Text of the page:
Svendsen, Johan Severin
Talented Swedish composer; born at Christiania. His first composition, written for violin, appeared when he was only eleven. His father was a military bandmaster, and he entered the army at fifteen, playing clarinet and flute, and finally becoming bandmaster. He left the army in 1861, and after playing in the orchestra at Christiania wandered through Sweden and North Germany. Charles XV. gave him a pension to enable him to study violin, but soon after he began studying his hand became paralyzed and he turned his attention to composition. He went to Leipsic in 1863 and entered the Conservatory, where he studied elementary theory under the instruction of David, Richter, Reinecke and Hauptmann. On being graduated from the Conservatory he was given the great honorarv medal of the Academy. He gave concerts in Denmark, England, Norway and Scotland; then went to Paris, where for two years he was a member of Musard's Orchestra at the Odeon. He returned to Leipsic to conduct the Euterpe concerts in 1870, but, owing to the war, the concerts had to be given up. During the musical festival at Weimar he met Liszt and Tausig, and there his octet was played. In the autumn of 1871 he came to New York to marry an American woman he had met in Paris, and the same year returned to Leipsic to conduct the Euterpe concerts. In 1871 he met Wagner, with whom he became intimate and whose compositions and dramas he studied diligently. It was through this master that he became well acquainted with the Countess Nesselrode, who greatly aided him. In 1872 he returned to Christiania, where for the next five years he conducted the Music Association, receiving an annuity from the Storthing in 1874 and being honored by several decorations from the King, In 1877 he returned again to Leipsic, where he conducted a new composition at a Gewandhaus concert; then went to Munich, and finally to Rome, where he spent the winter. In 1878 he visited London and met Sarasate, who aided him in giving his quartet, quintet, and octet. He went to Paris, remaining until 1880, when he returned to his old conductor's desk at Christiania. In 1883 he was called to Copenhagen as Court conductor, and in 1896 he was made conductor at the Royal Theatre there.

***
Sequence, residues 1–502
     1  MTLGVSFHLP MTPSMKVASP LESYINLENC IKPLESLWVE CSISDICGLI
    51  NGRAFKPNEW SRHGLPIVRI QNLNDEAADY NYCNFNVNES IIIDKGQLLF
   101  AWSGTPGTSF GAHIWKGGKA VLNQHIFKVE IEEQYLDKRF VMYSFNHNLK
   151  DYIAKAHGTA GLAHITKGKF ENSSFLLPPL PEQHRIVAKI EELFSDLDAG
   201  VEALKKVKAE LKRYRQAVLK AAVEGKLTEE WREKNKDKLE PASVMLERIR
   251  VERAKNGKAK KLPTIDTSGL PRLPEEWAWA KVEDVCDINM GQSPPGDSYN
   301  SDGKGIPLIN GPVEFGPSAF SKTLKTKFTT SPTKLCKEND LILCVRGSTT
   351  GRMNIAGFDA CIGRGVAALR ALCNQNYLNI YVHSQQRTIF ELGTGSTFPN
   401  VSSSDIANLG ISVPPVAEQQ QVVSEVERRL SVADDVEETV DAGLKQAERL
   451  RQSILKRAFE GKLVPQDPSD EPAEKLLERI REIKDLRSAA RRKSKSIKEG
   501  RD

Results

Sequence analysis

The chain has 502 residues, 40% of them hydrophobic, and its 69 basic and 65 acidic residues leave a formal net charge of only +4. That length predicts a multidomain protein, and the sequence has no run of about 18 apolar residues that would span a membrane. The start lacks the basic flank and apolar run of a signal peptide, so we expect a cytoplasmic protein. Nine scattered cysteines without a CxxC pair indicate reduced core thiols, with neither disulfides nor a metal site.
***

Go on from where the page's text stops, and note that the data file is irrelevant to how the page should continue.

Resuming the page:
Svendsen is a composer of excellent music of the conservative and classic style. His work is characterized by crispness and refinement and the care with which it is finished, as well as by a remarkable absence of national characteristics. The influence of Beethoven is strongly in evidence in his compositions. These consist of a quartet in A minor, a quintet in C, and an octet in A minor, for strings; a symphony in D; overture to Bjornson f s drama, Sigurd Slembe; concerto for violoncello in D; Carnaval a Paris; Funeral March for Charles XV.; Coronation March for Oscar II.; Zorahayde; Polonaise in E for coronation of Oscar II.; Four Norwegian Rhapsodies; orchestral arrangements for Norwegian, Swedish, and Icelandic ballads; overture to Romeo and Juliet; symphony in B flat; Carnaval des artistes Norwegians; Scandinavian airs for string quartet; romance in G for violin and orchestra; concerto for violoncello and orchestra in D minor; Marriage Cantata for chorus and orchestra.